When my Senate term finished in mid-1999, I thought I would need months of rest because I had been so exhausted. But within two weeks I had re-enrolled at Murdoch University to produce a master’s thesis on the problems in the set-up of the national competition policy and the lack of proper public interest assessment in particular for pieces of WA state agreement Act legislation which were anti-competitive and for which public interest assessments were not properly undertaken. My master’s thesis was accepted by 2001, the same year I was elected to the WA upper house for the Agricultural Region. During my four years in the WA upper house, amongst other things I investigated a range of problems associated with NCP in WA and other states. When my state parliamentary term ended in mid-2005, I took a few months rest but by early 2006 I had enrolled at University of Western Australia (UWA) to commence a PhD on the real impacts of national competition policy. This was not because I had always wanted to be an academic, but because when both of the major parties had failed to find out what was actually happening with some equivalent of a second constitution, impacting virtually all legislation, somebody needed to find out what were the impacts compared to the assumptions in the public statements of those pushing for major economic rationalist changes. No one else appeared to be doing it.
I did take a year off during my PhD but I am still working on this and on several major case studies, starting with the impacts of NCP on the Australian dairy industry compared to the assumed outcomes. Anyone who wants to have a look at the kind of work I have been doing so far on my PhD can find a range of publications and committee inquiry submissions by Googling ‘Dee Margetts dairy’. I did bring with me some hard copies of my full dairy case study, published by the UWA Global Studies Research Centre. I do not own these copies, but they can be purchased for the nominal price of $10. The money goes back to the research centre.
Late last year I was advised by Greens Senator Rachel Siewert that the Senate economics committee was undertaking an inquiry into the major problems in the Australian dairy industry, so I put together a detailed submission and was invited to give evidence to the committee earlier this year. They had received a considerable amount of information about what was happening in this industry and my submission, along with my attached academic publications, helped explain how and why those changes were happening. It was very encouraging to see that the Senate economics committee had come to the conclusion, from both the dairy inquiry and a range of relatively recent inquiries, that the federal government should commission a major assessment of the impacts of national competition policy and it has made a range of other important recommendations relating to the dairy industry. Their findings included a considerable concern about the manner in which the Australian Competition and Consumer Commission (ACCC) is overseeing and policing national competition policy with a very corporate and not public interest focus.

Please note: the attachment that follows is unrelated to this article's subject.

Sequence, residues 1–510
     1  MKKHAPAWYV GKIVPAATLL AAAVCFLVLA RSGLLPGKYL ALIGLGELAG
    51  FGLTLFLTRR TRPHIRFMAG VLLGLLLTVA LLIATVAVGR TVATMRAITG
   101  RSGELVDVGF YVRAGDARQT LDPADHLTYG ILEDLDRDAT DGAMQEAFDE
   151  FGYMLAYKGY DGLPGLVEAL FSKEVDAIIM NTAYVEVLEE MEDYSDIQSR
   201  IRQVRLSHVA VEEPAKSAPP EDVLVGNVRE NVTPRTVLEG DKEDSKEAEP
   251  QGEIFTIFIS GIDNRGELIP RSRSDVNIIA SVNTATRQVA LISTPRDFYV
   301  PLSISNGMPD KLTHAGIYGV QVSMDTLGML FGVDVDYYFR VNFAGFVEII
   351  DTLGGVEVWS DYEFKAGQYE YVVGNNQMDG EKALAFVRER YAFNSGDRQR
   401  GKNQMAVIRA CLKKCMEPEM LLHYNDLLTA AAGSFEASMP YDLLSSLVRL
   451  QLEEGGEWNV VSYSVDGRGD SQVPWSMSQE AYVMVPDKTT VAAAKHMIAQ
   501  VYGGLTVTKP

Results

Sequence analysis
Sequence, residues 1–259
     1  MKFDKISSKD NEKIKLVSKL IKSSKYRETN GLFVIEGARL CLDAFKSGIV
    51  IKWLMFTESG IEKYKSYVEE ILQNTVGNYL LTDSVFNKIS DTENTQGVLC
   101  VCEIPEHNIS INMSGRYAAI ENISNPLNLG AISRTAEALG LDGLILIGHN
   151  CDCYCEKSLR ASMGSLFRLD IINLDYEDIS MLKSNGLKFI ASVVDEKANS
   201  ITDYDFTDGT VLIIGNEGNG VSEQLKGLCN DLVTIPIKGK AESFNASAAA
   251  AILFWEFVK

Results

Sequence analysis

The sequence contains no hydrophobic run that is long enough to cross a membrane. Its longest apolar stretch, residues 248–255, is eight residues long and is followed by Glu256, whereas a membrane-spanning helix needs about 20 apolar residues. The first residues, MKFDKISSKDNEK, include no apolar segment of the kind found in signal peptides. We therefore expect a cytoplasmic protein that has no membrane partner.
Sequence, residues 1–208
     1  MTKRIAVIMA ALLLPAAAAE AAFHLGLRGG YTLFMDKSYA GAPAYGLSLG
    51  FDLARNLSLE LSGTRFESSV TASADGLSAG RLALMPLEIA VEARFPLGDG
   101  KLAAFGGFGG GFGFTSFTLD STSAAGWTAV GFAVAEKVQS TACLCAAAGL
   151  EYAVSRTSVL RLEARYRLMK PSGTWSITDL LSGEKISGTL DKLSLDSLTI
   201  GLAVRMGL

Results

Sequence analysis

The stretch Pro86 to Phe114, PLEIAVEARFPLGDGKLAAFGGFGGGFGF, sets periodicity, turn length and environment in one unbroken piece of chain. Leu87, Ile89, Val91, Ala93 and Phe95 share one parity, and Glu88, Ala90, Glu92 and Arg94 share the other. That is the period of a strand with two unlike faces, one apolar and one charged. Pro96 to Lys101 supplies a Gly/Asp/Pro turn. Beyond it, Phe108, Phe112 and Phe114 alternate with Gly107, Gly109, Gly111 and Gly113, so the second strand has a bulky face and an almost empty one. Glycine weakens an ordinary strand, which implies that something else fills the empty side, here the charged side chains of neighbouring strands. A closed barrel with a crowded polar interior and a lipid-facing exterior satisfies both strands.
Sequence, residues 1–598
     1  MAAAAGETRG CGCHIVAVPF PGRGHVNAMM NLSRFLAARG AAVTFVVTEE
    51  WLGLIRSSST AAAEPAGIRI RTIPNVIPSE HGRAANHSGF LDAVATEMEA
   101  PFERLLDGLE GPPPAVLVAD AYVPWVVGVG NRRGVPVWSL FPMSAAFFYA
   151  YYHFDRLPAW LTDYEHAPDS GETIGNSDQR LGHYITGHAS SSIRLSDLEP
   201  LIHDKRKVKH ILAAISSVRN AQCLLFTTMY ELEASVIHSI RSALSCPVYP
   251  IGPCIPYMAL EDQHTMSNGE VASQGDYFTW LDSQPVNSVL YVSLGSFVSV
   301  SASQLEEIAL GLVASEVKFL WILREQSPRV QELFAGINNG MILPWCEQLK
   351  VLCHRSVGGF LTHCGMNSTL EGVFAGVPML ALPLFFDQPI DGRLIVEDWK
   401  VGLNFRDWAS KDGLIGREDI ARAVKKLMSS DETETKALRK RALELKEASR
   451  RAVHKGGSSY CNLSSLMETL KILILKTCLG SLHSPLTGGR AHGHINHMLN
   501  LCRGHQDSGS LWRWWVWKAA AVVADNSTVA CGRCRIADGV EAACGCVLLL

My second major PhD case study was on the impacts of national competition policy on the Australian retail grocery sector. I am in the process of organising to get that academically published by mid next year. I am currently working on case study no. 3: the impacts of NCP on Australia’s water resources. It is very interesting. So what are the main committee issues on such a major policy change like NCP? There can be a major problem if there is a poorly constructed major policy direction supported by both major parties with almost none of those party members understanding what they are agreeing to. The minor parties who were expressing concern over the lack of protection for the public interest were ignored. The media also chose to largely ignore the actual impacts of such a major policy change to the point where the majority of Australians had no idea what it was about and why both federal and state governments, who are continually pushed to do things in an undemocratic way, created increasing corporate market domination.